How to Make a Custom Turbo Kit

by Alexander Eliot
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turbo image by Elijahu from

Building a custom turbo kit for your car is the ultimate way to gain horsepower. There are numerous full aftermarket kits available for many makes and models, but piecing together your own turbo kit lets you custom choose each piece, and also can save you money. If you take the time to search around for used parts, you can have all the horsepower gains of a full aftermarket turbo kit for half the price.

Step 1

Find a turbocharger to use with your custom kit. This should be the first part you buy, as the characteristics of your turbocharger will affect supporting modifications needed. There are dozens of options for new turbochargers made by various aftermarket manufacturers. However, a cheaper alternative is to locate a used turbo. Turbochargers from production turbo cars such as the Mitsubishi Eclipse and Nissan Z cars are often sold in car enthusiast classifieds, and are much cheaper than purchasing a new unit.

Step 2

Purchase a wastegate for your turbo, if needed. Most turbos are made with internal wastegates. However, these are sometimes removed in preference of an external wastegate. Ensure your turbocharger still has a working internal wastegate, or purchase an external wastegate from an aftermarket manufacturer.

Step 3

Decide what sort of intercooler system to use. An intercooler is an air-to-air radiator that cools the charged air from the turbo before it enters the engine. Various front-mount units are available from aftermarket manufacturers. These can be found in kits with vehicle-specific piping, as well as without piping. Purchasing an intercooler unit by itself and having the piping custom fabricated by a performance shop can be much cheaper than buying a full kit. A blow-off valve is also needed. This is a mechanism that attaches to the upper intercooler piping and releases excess charged air when the throttle is lifted. Some intercooler piping kits come with a blow-off valve. Alternatively, many aftermarket manufacturers offer universal blow-off valve units.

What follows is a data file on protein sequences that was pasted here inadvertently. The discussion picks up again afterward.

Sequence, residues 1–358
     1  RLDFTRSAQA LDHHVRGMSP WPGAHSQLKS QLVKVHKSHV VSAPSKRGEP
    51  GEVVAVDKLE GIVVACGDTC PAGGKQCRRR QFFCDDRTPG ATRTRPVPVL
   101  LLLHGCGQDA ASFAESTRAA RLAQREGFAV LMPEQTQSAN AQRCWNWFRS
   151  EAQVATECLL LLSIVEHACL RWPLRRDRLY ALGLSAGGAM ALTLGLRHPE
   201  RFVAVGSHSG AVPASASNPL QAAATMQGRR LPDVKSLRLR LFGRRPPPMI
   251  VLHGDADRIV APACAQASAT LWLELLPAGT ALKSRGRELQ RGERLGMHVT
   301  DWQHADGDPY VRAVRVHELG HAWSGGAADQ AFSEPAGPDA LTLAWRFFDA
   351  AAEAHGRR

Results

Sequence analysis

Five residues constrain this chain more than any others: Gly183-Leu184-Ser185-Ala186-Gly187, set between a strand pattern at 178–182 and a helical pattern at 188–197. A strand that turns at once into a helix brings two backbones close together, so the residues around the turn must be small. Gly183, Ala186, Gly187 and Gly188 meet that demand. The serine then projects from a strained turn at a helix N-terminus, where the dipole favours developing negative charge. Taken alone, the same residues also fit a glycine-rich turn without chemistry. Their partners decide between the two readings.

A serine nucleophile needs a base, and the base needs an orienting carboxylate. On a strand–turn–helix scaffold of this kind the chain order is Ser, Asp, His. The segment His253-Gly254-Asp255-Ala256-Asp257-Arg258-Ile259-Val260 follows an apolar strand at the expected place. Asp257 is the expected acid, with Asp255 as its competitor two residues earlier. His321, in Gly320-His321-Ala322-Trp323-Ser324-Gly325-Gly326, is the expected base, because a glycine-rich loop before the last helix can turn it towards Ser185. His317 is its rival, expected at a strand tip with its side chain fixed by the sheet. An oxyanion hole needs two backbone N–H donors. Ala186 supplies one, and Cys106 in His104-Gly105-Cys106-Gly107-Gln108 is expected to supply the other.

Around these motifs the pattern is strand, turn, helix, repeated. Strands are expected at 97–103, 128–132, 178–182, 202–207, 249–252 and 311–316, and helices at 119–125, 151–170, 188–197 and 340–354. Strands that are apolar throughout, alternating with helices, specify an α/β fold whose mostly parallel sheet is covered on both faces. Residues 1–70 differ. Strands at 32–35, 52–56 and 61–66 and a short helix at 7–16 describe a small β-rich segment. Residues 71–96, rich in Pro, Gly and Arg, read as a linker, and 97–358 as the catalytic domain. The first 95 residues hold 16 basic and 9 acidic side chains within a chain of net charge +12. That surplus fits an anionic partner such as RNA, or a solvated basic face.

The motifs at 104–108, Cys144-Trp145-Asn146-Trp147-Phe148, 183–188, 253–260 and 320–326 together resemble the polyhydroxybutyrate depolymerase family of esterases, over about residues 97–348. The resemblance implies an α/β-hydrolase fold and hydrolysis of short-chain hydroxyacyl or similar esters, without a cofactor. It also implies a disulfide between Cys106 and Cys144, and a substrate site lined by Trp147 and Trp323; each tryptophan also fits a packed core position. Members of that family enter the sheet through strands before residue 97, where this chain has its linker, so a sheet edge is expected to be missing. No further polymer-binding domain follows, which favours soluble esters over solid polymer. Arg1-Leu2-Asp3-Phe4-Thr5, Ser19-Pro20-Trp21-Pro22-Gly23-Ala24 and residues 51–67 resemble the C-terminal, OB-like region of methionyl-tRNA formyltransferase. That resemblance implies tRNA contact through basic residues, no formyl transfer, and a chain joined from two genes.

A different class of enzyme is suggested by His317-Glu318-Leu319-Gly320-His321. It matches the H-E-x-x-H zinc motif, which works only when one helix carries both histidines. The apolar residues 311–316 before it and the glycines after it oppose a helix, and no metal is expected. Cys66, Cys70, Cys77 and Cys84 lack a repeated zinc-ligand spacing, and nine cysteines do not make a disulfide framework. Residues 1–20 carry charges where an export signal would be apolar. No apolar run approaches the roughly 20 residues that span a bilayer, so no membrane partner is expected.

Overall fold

Step 4

Gather supporting modifications for your turbo kit. The cheapest intake solution is an aftermarket air filter attached directly to the turbocharger's inlet. Oil and coolant lines are needed to keep the turbocharger cool and lubricated. These can be custom fitted from various universal tubing sold by most auto parts and hardware stores.

Step 5

Find an exhaust manifold to bolt your turbocharger to your engine. Various aftermarket manufacturers make custom manifolds for specific makes and models. A cheaper alternative is to have your stock unit modified by a custom exhaust shop to accept the turbocharger you choose.

Step 6

Finish your custom turbo kit's hardware with a custom downpipe. This is the piece of the exhaust that attaches the manifold to the rest of the exhaust system. Various universal units are offered by aftermarket manufacturers. Alternatively, a custom downpipe can be fabricated by an exhaust shop and fitted to your vehicle.

Step 7

Tune your new custom turbo kit with some type of engine management software. For many makes and models, ECU reflashes, or performance chips, are offered by aftermarket tuners. These revise your vehicle's tuning maps to ones customized for a turbocharger. A more expensive option is to purchase a fully-tunable ECU and have it tuned professionally by a performance shop. This method often yields greater horsepower and reliability than a less-extensive performance reflash.

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